Based on the information in the CM/1 application, the supplementary documents and the interview, eligibility officers decided whether the applicants could be accepted into the Care and Maintenance program of the IRO. This decision – together with additional commentary – is usually written or stamped on the CM/1 forms. The 163-page Manual for Eligibility Officers reveals just how complex the decisions were. The IRO laid out the ground rules in this manual: In order to be recognized and supported by the IRO, a person had to have been persecuted for political, racist or religious reasons by the Nazis or other governments allied with them. There were many restrictions, however. The eligibility officers made a basic distinction between applicants “within the mandate of the organization” (WMO), meaning those who were the responsibility of the IRO, and applicants “not within the mandate of the organization” (NWMO), meaning those who did not meet the criteria established by the IRO. Formulations such as “ineligibility,” “ineligible for IRO assistance” and “No refugee, no D.P.” can also be found on CM/1 applications for the latter group.

    Even after a CM/1 application had been fundamentally approved, however, various types of support would be provided. This is evident from the different stamps on the CM/1 forms. The IRO could arrange for DPs to return home (“eligible for repatriation”), help them emigrate (“eligible for resettlement” or “discretionary resettlement assistance” – DRA for short), or make it possible for them to settle in their current location (“eligible for re-establishment sur place”). IRO employees could also stamp the restriction “legal and political protection only” on the CM/1 application. In these cases, the IRO took over tasks that would otherwise be the responsibility of the government and authorities of a DP’s country of origin. Above all, they asserted the rights of the DPs when these had been restricted by other authorities. Fundamentally, all individuals recognized as DPs were eligible for legal and political protection by the IRO. The stamp “legal and political protection only” is therefore found only on the CM/1 applications of DPs who did not receive any additional assistance. The extent of the support provided could often change, however, which is why the validity date for a DP’s status is often noted as well.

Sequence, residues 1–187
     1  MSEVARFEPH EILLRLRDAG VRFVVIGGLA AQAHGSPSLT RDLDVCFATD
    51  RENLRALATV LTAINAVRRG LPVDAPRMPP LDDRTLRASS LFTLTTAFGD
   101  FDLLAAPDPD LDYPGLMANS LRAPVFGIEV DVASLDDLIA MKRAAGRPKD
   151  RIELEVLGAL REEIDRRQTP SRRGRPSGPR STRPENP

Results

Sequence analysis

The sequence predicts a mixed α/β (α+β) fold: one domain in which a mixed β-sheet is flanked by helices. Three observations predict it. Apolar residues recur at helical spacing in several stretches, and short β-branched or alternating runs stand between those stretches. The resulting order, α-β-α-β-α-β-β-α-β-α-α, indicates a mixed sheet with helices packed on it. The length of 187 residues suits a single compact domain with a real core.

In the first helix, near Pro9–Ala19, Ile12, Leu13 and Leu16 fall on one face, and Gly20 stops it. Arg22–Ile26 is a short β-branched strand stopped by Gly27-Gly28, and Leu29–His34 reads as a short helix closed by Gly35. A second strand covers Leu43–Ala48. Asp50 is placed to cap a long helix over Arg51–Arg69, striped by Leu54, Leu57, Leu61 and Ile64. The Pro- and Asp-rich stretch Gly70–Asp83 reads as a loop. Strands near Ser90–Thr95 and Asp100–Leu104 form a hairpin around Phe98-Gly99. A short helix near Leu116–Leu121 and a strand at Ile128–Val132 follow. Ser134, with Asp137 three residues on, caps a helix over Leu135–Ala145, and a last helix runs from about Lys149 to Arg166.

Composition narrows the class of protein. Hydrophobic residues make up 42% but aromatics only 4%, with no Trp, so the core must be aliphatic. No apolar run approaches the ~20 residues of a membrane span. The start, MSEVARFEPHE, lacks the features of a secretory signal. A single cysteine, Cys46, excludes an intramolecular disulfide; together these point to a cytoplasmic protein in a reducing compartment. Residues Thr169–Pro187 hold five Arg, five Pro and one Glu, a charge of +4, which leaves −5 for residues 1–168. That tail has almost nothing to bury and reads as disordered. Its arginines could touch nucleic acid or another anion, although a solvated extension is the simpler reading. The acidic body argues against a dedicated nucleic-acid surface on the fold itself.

The applicants were told that the information they provided on the CM/1 application would be checked by IRO employees in the Document Control Sections and Control Centers. For example, the applications would be compared with other documents about the same person held by the International Tracing Service (ITS). In order to find collaborators who had cooperated with the Nazis, the Berlin Document Center and Wehrmachtauskunftstelle (Wehrmacht Information Office or WASt) sometimes also checked whether there was any evidence that an individual should not be accepted into the IRO program. German registration offices were also contacted mainly for information about former forced laborers.